As I have said previously, traveling is all about tasting new foods. Singapore is a foodies paradise, it’s a melting pot of so many cultures and food styles. I like to have already prepared a list of dishes that I want to sample before I come away on holidays. Sometimes this list is based on foods I have been craving, other times it’s because a food is so synonymous with my destination that I feel visiting the country and not sampling it would be like going to Paris and not seeing the Eiffel Tower.
So today I am sharing my list of top ten foods to try when in Singapore. There are so many more lush treats available… but here is my list, feel free to add any other recommendations in the comments section below.
Top 10 Foods to Sample in Singapore
Kaya toast with Kopi
This sweet green spread is made from the leaves o the pandanus and has a taste that I associate strongly with Singapore.
Kaya is a coconut jam made from coconut milk, eggs which are flavoured by pandan leaf and sweetened with sugar. It is easily one of the best jam spread ever created.
Each time we have been served kaya on the toast a generous slab of butter accompanies the spread. You can see in he images above the butter looks like a slice of cheese! It is a delicious breakfast food and a kaya toast set usually comes with a soft-boiled egg and a cup of traditional kopi.
Kopi is a Singaporean coffee tradition. The coffee is brewed in a metal pot with a cotton “sock” filter. It’s amazingly sweet, as the coffee is mixed with condensed and evaporated milk and sugar.
Knowing that I need my morning coffee before anything else each day little Anais and my gorgeous husband went on an early morning search. If you have ever been to Singapore you would know that NOTHING opens before 10.00am at the earliest on any given day of the week.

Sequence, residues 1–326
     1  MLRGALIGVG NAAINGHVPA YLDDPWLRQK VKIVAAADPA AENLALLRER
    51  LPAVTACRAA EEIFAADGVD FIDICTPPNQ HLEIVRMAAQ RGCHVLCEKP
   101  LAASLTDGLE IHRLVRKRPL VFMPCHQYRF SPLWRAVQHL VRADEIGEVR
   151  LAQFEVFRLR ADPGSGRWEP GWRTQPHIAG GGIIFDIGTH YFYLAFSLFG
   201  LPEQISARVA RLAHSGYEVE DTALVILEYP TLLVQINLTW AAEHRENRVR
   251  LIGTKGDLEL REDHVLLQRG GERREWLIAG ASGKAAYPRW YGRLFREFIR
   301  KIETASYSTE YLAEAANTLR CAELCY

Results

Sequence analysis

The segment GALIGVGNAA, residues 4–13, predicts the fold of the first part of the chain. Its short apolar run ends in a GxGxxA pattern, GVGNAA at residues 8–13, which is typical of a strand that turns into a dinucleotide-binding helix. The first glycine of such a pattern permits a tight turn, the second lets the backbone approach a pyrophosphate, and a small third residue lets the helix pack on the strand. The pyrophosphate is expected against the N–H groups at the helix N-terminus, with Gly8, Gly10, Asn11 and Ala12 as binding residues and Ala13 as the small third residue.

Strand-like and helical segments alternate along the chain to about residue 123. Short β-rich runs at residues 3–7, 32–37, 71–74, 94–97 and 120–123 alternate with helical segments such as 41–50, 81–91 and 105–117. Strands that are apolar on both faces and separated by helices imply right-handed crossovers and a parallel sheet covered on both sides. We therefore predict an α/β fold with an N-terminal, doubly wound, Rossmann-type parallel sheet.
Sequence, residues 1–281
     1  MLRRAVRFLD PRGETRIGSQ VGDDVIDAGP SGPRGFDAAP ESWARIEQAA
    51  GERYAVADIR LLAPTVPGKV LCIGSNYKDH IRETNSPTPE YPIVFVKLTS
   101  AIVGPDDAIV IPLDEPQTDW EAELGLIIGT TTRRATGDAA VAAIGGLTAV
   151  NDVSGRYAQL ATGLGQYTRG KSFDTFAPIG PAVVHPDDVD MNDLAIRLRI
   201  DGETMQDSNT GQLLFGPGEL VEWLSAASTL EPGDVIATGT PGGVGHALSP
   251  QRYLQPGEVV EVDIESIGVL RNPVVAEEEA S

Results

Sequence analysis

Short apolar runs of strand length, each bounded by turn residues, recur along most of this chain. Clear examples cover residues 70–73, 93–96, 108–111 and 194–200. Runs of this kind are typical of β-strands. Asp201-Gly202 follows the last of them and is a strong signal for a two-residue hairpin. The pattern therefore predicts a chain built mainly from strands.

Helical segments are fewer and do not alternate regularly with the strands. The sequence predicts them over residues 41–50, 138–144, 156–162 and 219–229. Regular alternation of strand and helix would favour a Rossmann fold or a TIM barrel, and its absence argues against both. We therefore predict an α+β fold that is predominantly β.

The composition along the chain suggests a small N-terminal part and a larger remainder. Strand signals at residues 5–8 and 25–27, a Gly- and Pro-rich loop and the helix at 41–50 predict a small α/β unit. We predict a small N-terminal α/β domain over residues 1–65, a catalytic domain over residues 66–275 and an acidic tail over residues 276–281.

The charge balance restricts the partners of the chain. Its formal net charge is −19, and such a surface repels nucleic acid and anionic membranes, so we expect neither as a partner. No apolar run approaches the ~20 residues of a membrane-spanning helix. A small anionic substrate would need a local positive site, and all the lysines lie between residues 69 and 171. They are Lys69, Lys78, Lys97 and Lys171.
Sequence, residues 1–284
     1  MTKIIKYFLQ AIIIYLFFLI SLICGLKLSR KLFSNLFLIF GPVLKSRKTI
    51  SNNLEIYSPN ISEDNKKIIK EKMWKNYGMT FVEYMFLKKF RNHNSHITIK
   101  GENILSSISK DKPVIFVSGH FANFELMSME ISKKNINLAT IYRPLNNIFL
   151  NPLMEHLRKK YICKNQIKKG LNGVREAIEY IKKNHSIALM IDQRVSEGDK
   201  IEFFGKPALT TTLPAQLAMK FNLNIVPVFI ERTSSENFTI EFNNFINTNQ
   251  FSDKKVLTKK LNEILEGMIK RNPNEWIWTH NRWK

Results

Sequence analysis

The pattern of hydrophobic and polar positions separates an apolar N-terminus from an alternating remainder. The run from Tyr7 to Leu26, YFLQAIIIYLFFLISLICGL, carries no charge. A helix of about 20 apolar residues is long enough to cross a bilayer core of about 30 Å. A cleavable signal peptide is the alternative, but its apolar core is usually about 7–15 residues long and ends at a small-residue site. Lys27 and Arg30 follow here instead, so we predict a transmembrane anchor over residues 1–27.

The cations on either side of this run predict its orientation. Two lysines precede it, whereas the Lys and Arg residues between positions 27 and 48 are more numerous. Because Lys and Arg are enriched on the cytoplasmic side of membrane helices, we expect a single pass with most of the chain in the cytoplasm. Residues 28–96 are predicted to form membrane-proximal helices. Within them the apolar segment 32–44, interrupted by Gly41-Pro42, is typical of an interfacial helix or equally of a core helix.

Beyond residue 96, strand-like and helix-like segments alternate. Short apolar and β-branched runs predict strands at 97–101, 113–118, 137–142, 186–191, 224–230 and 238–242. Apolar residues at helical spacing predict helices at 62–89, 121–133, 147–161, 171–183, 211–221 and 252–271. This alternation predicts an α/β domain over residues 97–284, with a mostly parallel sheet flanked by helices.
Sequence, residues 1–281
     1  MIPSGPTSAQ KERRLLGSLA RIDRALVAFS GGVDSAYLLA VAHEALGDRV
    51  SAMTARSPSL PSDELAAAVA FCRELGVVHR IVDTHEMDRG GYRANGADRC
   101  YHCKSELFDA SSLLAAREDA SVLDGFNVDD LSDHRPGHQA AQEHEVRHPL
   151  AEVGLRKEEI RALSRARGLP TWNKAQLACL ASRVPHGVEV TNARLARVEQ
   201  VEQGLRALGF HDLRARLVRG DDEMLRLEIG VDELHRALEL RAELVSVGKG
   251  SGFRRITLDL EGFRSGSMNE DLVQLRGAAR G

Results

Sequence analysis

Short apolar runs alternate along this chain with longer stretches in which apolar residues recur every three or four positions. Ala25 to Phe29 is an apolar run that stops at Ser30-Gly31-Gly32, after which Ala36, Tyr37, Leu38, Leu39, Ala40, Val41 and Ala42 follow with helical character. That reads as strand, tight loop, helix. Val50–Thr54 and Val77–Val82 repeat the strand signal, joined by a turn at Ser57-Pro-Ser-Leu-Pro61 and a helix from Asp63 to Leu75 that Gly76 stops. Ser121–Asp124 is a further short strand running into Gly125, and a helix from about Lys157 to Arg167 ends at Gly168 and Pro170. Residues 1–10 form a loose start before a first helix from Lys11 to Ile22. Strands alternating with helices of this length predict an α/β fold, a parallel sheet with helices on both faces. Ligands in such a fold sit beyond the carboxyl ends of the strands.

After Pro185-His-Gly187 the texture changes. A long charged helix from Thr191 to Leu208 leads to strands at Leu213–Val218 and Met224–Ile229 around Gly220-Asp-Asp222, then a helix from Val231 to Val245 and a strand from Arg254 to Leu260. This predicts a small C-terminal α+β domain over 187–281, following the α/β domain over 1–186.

After a 7.00am futile search for coffee the pair stumbled across the Killiney Kopitiam on Killiney Rd. Mr GG asked for a skinny cappuccino, the old lady behind the counter just laughed. She informed my honey that, “We don’t do skinny cappuccino, traditional only!” Hubby was fairly confident I would want to try the traditional kopi so he bought home this murky mess of a coffee, with the cute plastic carry handles to hear the verdict.
I opened the lid to find a liquid which appeared to be more like muddy water than coffee. The aroma was strong and delicious! I later found out the shop’s signature coffee is prepared by blending Colombian Arabica coffee beans with Robusta coffee beans from Indonesia and then roasted to an old Hainanese style.
I took my first tentative mouthful. It was super sweet– and super strong!
Mmm, I don’t usually have any sugar in my coffee so it was an adjustment… but I liked it. The coffee had absolutely no bitterness but it was a million times stronger than anything I had previously tried. The sugar was needed to balance the robust flavour.
The Kopi would never replace my morning cappuccino but I liked it. More importantly, with all that caffeine and sugar we would be having a supercharged day!